University of Cambridge > Talks.cam > Departmental Seminar Programme, Department of Veterinary Medicine > The Power of Non-invasive Approaches to Conservation Science

The Power of Non-invasive Approaches to Conservation Science

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If you have a question about this talk, please contact Fiona Roby.

Conservation science has many challenges. Human pressures are widespread, come in multiple forms, yet individual pressures rarely occur in isolation. The same can be said of natural pressures. How do we partition these pressures and determine those most critical to mitigate? How do we compensate for the time lag between a disturbance and its demographic outcome when other events occur in-between? How do we monitor the impacts of mitigation efforts on a time scale that allows course corrections before it’s too late? Addressing these questions often requires measures collected over large spatial but short temporal scales, which in itself is a challenge.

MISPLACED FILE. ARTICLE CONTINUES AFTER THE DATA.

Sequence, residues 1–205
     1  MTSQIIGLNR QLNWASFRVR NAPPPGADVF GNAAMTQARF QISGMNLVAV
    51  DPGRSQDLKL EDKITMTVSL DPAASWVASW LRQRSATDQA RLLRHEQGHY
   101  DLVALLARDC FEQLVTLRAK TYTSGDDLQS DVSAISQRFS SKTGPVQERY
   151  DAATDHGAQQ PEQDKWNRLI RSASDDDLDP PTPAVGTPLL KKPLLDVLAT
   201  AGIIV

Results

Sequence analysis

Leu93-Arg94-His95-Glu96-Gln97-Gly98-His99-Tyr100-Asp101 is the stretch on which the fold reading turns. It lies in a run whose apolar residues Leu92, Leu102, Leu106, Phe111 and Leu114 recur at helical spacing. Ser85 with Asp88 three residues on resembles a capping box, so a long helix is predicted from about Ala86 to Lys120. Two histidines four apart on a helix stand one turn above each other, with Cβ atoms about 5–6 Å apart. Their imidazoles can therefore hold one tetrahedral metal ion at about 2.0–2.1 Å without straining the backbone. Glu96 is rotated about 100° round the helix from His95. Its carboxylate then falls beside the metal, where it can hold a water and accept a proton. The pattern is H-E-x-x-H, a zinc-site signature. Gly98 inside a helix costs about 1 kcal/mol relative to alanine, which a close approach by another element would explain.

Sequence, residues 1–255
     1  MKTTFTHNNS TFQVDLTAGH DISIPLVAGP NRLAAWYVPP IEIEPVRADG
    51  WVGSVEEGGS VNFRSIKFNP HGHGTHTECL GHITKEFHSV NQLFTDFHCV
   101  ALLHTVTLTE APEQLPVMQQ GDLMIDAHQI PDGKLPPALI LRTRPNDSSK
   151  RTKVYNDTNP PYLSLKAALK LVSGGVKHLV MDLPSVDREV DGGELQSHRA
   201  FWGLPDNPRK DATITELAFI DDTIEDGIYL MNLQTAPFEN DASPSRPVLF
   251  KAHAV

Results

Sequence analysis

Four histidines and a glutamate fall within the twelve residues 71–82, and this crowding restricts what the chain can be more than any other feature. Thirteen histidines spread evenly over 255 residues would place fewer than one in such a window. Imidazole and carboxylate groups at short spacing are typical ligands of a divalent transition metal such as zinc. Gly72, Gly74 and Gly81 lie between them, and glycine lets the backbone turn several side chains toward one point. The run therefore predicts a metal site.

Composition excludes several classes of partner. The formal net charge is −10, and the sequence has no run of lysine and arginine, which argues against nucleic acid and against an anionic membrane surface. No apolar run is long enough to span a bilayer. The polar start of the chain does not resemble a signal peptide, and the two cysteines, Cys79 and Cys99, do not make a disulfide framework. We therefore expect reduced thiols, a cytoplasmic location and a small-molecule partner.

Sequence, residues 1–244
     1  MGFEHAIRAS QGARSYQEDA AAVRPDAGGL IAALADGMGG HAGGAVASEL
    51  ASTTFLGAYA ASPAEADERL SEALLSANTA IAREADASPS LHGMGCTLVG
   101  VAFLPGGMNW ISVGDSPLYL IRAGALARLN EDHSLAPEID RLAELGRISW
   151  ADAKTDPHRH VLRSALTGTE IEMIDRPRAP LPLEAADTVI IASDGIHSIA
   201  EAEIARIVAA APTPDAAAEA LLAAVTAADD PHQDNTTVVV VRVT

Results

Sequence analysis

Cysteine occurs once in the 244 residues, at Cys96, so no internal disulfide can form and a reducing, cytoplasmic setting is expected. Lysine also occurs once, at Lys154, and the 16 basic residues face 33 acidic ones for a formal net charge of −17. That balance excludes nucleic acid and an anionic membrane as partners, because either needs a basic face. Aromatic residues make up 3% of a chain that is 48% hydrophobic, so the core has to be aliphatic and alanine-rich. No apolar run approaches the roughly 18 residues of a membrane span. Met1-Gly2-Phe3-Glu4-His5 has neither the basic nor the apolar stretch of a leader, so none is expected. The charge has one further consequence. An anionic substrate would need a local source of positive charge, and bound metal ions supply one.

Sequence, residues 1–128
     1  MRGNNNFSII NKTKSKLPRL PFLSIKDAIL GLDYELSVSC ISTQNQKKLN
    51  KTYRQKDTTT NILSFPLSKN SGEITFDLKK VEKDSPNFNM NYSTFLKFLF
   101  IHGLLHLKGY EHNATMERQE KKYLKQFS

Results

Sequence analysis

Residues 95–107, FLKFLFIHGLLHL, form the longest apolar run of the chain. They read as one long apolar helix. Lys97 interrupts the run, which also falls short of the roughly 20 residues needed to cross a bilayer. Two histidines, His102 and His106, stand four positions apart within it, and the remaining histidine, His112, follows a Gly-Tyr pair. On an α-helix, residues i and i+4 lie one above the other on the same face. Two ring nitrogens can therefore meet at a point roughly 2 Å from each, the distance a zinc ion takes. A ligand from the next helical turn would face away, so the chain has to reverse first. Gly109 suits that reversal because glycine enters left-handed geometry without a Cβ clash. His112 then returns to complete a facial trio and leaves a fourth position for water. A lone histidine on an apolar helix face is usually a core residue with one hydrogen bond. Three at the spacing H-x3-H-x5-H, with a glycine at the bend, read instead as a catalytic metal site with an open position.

My lab has pioneered highly accessible noninvasive tools to address such challenges. We developed methods to extract DNA , hormones and toxins from feces, located by detection dogs with high frequency and very low collection bias. DNA from these samples can determine species and individual identities, sex, what the animal ate, and composition of the host’s microbiome. These measures can, in turn, provide reliable capture-mark-recapture data free of capture heterogeneity, geospatial genetic maps to distinguish populations, resources selection and dietary overlap data associated with interspecific competition. Endocrine measures of stress, reproductive and nutritional health, as well as microbiome from these same samples can help tie disturbance events to their eventual demographic outcomes. Impacts of toxin exposure can simultaneously be measured and examined in relation to other co-occurring pressures.

I will attempt to illustrate the value of this approach through case studies conducted by my lab on a diverse array of species. I will then open the floor to discuss applications to your own work.

This talk is part of the Departmental Seminar Programme, Department of Veterinary Medicine series.

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